The 14-inch LG Gram 14 (gram-14Z950-A.AA4GU1) notebook.
LG is packing every Gram notebook with a 1080p IPS display (13.3 or 14 inches), dual mics, a 1.3 MP webcam, six row island-style keyboard, and a spacious track pad. External IO includes two USB 3.0 ports, HDMI output, micro SD card slot, and a micro USB port that (along with the included dongle) supports the 10/100 Ethernet network connection.
The base Gram 13-inch comes in Snow White while both Gram 14-inch notebooks are clad in Champagne Gold.
The LG Gram 13 Broadwell-powered laptop (gram-13Z950-A.AA3WU1).
Internally, LG has opted to go with Intel’s Broadwell processor and its built-in HD 5500 GPU. The LG Gram 13 uses the Intel Core i5-5200U (2 cores, 4 threads at 2.2-2.7GHz). The 14-inch models can be configured with an Intel i5 or an Intel Core i7-5500U which is a dual core (with HyperThreading for four threads) processor clocked at 2.4 GHz that can boost to 3.0 GHz. Additional specifications include 8GB of DDR3L memory, a solid state drive (128 GB on the Gram 13, up to 256 GB on the Gram 14), Intel 802.11ac Wi-Fi, and rated battery life of up to 7.5 hours (which is not great, but not too bad).
The Gram series is LG’s first major thin-and-light entry into the US market, and while there are some compromises made to get the portability, the price points are competitive and seem to be priced right. Interestingly, LG is aiming these notebooks as Macbook Air competitors, allegedly offering you a larger, yet lighter, notebook. It is not actually the lightest notebook on the market, however. Below is a brief point of (weight) comparison to some of the major recent thin-and-lights, the Gram is going up against:
- 12” Apple MacBook: 2.03 lbs
- 11” Apple MacBook Air: 2.38 lbs
- 13” Apple MacBook Air: 2.96 lbs
- 13.3" ASUS Zenbook UX305FA (Core M): 2.65 lbs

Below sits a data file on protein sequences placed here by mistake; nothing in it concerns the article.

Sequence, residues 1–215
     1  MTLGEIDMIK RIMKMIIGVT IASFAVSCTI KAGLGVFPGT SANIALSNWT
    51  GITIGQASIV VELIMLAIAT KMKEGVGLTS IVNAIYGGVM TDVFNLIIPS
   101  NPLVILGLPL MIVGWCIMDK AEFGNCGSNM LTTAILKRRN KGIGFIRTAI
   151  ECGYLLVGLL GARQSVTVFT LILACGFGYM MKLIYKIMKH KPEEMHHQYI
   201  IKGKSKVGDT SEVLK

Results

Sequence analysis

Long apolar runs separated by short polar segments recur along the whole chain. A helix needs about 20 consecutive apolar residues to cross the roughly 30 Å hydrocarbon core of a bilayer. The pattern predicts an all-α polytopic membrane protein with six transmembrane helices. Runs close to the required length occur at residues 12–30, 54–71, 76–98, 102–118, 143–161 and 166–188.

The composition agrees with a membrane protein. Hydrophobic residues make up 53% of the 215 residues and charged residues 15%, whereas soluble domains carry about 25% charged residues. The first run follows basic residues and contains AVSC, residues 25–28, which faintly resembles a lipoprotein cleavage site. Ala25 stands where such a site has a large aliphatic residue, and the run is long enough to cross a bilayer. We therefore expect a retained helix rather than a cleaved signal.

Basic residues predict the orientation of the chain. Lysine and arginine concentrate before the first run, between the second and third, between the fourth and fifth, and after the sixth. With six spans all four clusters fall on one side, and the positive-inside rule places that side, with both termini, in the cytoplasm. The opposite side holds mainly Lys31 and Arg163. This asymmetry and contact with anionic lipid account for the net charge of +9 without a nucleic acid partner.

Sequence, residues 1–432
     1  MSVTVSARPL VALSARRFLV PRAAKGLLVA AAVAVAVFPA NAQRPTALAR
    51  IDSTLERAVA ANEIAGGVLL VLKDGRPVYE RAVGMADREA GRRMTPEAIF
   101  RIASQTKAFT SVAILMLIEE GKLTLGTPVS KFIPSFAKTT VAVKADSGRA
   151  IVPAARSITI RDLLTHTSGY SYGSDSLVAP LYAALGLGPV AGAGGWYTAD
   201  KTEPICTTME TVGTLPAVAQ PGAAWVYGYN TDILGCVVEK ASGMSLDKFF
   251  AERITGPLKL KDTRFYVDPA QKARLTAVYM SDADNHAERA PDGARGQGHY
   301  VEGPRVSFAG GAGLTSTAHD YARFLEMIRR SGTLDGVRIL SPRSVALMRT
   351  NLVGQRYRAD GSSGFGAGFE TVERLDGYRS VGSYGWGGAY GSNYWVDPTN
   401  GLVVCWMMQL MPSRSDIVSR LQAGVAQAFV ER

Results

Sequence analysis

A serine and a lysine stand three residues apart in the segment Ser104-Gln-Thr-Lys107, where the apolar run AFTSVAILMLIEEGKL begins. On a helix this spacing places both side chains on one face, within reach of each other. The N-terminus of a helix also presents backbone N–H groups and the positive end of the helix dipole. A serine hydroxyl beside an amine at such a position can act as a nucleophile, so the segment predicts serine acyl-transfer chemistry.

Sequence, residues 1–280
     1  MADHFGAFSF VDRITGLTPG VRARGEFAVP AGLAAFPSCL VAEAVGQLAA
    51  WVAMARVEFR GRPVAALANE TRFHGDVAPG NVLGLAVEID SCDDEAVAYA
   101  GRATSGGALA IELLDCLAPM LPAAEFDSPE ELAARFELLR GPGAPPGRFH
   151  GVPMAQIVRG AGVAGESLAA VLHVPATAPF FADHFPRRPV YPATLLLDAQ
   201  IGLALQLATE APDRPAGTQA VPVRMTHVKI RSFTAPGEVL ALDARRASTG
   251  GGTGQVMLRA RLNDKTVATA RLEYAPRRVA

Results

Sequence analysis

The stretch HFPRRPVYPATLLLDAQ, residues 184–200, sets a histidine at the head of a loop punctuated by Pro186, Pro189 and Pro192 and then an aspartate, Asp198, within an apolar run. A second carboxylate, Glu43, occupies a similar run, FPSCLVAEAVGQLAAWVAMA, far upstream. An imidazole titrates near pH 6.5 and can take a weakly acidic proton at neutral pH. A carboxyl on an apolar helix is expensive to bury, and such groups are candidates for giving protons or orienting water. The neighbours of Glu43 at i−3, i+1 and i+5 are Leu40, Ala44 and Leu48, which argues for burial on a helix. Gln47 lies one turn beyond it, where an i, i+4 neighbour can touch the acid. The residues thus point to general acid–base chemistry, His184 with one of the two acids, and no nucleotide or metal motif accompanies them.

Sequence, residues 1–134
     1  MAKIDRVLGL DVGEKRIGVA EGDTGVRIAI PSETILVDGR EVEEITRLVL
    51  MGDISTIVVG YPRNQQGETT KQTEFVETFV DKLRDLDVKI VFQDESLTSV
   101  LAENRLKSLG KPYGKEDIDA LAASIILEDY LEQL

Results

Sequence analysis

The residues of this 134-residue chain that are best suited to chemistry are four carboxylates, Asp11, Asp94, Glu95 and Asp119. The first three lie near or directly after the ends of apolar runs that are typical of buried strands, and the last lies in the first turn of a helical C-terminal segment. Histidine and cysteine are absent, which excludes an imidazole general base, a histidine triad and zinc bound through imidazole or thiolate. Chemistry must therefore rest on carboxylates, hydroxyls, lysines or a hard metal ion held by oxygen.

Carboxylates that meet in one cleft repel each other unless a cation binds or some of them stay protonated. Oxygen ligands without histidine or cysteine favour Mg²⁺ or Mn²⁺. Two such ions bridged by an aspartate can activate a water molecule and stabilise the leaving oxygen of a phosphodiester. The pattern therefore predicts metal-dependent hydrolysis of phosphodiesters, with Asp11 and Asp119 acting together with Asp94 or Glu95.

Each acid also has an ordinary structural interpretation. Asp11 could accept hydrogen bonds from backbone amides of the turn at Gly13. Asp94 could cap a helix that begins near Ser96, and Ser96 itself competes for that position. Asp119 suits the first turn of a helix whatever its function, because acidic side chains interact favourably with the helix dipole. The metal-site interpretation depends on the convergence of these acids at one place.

- 13.3" ASUS Zenbook UX301LA (Core i7): 3.08 lbs
- 13.3” LaVie Z: 1.87 lbs
- 13.3” LaVie Z 360: 2.04 lbs
- 12.2" Samsung ATIV Book 9: 2.09 lbs
We will have to wait for reviews to see how the build quality stacks up, especially the 14-inch models using the lithium-magnesium bodies which, while light, may not be the sturdiest flex-wise. If they can hold up to the stress of the daily commuter, the retail pricing is far from exorbitant and if you can live with the compromises fairly attractive.
Subject: General Tech | October 1, 2015 - 01:43 PM | Jeremy Hellstrom
Tagged: corsair, VOID Wireless, gaming headset, 7.1 headset
On paper these headphones are impressive, wireless performance out to 40' with 16 hours of charge, frequency response of 20Hz to 20kHz on the 50mm drivers and 7.1 surround sound. There have been many previous software emulated 7.1 directional gaming headsets which have disappointed users but in this case Benchmark Reviews quite liked the performance of the VOID while gaming and listening to music. The noise cancelling microphone, dubbed an “InfoMic” as it has LED lights which can be illuminated in different ways depending on your preferences and even the game you happen to be playing. You can also sync the lights with other Corsair RGB devices using the Cue software if you are so inclined. Check out the full reivew right here.
"In the world of computer peripherals and hardware, most of us are well aware of Corsair’s existence. This is an organization that has well-earned reputation for producing quality components; components that are going to be high-performing, intelligently designed, and very likely to provide its owners with years of service."
Here is some more Tech News from around the web:
- ASUS Strix 7.1 Headset Review @HiTech Legion
- Tt eSPORTS Shock 3D 7.1 Gaming Headset Review @ NikKTech
- Inateck MercuryBox Bluetooth Speaker & Mobile Products @ eTeknix
- Creative Sound Blaster Roar 2 @ Legion Hardware
Subject: General Tech | October 1, 2015 - 12:44 PM | Jeremy Hellstrom
Tagged: stagefright, security, Android